Since experts, civil society organizations and advocates have been pushing for a move away from fossil fuel-based projects for decades, what confidence should we have that another set of such recommendations would have any more effect this time around?
On the one hand, one might say: not much. The 'pressure to lend' that has been in place since at least Robert McNamara's term as World Bank president has caused staff and board to measure job performance by the quantity of funding moved to the borrowers. This has meant that modest renewable energy and efficiency investments of appropriate scale are rarely viable in the race to place loans in amounts of hundreds of millions of dollars.27 In speeches, papers and personal communications, staff at all levels of the MDBs have long revealed a fixation with the need to lend money 'at the speed of business' and to become as efficient in making loans as the private sector in order to compete - to win a share of the loan business of developing countries. For example, new World Bank President Robert Zoellick's first public speech emphasized how the Bank 'would be simplifying the procedures and cutting interest rates... We aim to be faster, better and cheaper.'28 But they have it exactly wrong. Instead, this chapter argues:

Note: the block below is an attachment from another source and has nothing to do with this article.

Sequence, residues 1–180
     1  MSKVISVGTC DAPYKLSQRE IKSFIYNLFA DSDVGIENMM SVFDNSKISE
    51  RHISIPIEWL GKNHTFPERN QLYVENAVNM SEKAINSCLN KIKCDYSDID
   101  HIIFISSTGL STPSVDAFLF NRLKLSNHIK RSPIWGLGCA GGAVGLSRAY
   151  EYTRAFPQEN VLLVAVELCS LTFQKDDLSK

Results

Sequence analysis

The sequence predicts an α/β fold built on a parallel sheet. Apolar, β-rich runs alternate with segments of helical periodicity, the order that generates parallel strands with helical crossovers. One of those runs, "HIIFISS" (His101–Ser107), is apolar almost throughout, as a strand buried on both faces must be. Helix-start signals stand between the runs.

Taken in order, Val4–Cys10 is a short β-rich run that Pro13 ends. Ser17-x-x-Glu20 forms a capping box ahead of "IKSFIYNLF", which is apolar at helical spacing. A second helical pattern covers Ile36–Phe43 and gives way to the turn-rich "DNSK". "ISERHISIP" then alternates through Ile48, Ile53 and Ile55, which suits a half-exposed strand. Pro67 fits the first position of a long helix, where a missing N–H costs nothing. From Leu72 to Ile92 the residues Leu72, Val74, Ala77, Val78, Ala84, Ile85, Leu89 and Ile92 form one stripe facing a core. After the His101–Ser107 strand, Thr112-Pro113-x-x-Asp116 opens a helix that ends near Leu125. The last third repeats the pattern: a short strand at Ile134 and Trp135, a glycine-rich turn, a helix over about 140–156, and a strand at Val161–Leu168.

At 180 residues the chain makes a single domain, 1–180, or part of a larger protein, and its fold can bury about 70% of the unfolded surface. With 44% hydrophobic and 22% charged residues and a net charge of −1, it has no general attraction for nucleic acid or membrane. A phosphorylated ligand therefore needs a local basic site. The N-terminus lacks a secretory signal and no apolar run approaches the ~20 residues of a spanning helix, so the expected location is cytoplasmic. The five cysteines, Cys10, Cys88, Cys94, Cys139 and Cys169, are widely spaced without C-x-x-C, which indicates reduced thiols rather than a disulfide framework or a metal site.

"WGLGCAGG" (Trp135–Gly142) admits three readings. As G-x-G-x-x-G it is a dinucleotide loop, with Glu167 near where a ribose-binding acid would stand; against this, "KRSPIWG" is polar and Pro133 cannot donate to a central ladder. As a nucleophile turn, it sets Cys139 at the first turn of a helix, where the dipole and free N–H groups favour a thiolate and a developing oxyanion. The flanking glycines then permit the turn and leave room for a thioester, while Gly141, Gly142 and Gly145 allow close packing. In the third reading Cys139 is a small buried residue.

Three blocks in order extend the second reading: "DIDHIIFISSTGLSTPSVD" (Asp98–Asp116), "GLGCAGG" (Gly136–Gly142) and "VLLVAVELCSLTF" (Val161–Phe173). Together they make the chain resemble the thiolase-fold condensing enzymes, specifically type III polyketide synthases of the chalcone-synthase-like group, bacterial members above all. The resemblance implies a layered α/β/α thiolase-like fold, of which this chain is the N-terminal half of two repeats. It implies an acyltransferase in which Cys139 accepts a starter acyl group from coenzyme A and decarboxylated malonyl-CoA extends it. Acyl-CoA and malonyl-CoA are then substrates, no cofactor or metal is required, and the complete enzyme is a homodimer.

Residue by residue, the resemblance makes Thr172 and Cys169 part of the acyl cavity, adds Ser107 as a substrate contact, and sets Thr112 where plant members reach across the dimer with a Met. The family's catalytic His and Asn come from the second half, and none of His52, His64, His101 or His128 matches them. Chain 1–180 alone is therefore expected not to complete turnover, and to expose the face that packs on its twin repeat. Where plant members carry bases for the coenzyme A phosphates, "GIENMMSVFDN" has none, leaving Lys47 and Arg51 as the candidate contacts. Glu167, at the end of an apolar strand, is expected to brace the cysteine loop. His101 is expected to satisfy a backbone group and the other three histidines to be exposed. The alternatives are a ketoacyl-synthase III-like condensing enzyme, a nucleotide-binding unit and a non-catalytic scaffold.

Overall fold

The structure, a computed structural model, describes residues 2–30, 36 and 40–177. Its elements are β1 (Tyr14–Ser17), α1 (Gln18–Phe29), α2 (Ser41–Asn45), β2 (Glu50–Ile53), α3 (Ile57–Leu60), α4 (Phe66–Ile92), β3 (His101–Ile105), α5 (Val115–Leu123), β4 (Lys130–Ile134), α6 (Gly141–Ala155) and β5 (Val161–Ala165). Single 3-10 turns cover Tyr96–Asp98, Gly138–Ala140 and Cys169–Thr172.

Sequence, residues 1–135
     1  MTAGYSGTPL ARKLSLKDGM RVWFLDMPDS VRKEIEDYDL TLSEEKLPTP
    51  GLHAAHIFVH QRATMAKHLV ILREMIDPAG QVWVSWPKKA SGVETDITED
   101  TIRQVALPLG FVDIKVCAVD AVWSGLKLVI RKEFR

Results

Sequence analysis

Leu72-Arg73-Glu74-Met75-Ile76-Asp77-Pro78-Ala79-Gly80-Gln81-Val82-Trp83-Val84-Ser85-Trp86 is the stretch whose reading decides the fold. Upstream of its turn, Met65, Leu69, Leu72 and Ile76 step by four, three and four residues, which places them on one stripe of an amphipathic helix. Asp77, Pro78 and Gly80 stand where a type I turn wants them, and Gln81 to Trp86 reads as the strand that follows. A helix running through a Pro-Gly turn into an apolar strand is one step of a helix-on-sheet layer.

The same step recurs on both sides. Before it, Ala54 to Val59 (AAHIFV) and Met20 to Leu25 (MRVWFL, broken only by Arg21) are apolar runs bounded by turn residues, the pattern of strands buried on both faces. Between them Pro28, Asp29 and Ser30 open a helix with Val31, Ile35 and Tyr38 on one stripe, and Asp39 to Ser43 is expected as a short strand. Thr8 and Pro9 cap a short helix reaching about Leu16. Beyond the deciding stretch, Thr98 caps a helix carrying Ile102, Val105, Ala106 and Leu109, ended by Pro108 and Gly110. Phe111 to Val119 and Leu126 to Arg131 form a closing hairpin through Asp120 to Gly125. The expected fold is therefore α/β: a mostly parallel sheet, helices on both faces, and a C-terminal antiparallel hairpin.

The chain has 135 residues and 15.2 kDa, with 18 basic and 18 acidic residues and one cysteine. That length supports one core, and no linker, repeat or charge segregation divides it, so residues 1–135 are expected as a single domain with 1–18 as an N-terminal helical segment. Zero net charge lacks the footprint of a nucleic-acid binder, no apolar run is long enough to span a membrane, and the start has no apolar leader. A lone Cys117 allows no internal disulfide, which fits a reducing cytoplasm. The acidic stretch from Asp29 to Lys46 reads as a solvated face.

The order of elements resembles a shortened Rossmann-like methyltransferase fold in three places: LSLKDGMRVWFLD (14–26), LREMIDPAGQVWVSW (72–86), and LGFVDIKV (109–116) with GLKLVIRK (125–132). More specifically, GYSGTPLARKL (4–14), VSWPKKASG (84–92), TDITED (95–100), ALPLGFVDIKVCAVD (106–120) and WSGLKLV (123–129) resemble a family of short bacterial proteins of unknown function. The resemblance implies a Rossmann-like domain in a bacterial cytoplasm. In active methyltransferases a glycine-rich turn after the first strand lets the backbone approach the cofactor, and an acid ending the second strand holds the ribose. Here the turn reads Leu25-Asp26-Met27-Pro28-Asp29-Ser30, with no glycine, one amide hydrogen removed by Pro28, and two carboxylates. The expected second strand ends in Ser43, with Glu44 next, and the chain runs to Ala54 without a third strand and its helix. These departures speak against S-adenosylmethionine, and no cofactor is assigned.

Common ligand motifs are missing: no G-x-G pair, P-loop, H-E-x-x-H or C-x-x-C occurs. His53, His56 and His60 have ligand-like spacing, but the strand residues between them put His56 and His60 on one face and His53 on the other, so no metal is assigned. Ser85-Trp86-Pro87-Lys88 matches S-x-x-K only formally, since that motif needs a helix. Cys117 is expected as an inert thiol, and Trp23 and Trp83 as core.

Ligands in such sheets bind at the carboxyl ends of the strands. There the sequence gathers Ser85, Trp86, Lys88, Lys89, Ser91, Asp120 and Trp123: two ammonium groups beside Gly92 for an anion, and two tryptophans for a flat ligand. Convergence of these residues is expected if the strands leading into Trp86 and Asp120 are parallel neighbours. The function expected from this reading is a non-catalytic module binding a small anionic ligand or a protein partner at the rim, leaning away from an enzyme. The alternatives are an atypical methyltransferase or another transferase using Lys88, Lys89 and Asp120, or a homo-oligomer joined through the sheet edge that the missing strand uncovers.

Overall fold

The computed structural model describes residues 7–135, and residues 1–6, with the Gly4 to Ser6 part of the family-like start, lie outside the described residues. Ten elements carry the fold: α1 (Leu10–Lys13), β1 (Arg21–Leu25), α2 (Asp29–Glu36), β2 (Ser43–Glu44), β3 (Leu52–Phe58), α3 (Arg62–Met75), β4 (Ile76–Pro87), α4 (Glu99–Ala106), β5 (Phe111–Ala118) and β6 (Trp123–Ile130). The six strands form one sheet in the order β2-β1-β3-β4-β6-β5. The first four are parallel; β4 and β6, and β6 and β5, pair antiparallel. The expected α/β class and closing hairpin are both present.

• Where there is competition for making these loans, then the MDBs are not needed. Why should public money be provided where the private sector is active?
• Their role is to promote development and poverty reduction. That is not the primary purpose of the private-sector banks. They also operate in countries that are not yet attractive to foreign direct investment. So they are in a different business from the private sector institutions.
• The private banks want the imprimatur of the MDBs, the seal of approval - so in that sense the MDBs are still indispensable. But this will only be true if they really do help projects to succeed in human development and environmental terms.
• The only way for the MDBs to add real value to the private-sector business is to undertake thorough assessment of social and environmental impacts, to understand how to put development front and centre and to provide for social and human capital needs; this often takes attention and time.
So if they insist on giving up their main value added, the MDBs will be putting themselves out of business - especially since they are now required, as a result of public pressure, to assess social and environmental impacts before making decisions. Thus, they can never be the fastest out of the blocks. This fundamental misreading of their role may be beyond repair, and if so they will be slowly rendered irrelevant in a race with the private sector that they can't win. But if they focus on their role as public-sector funders, the following recommendations, which are neither original nor new, may yet be heeded.
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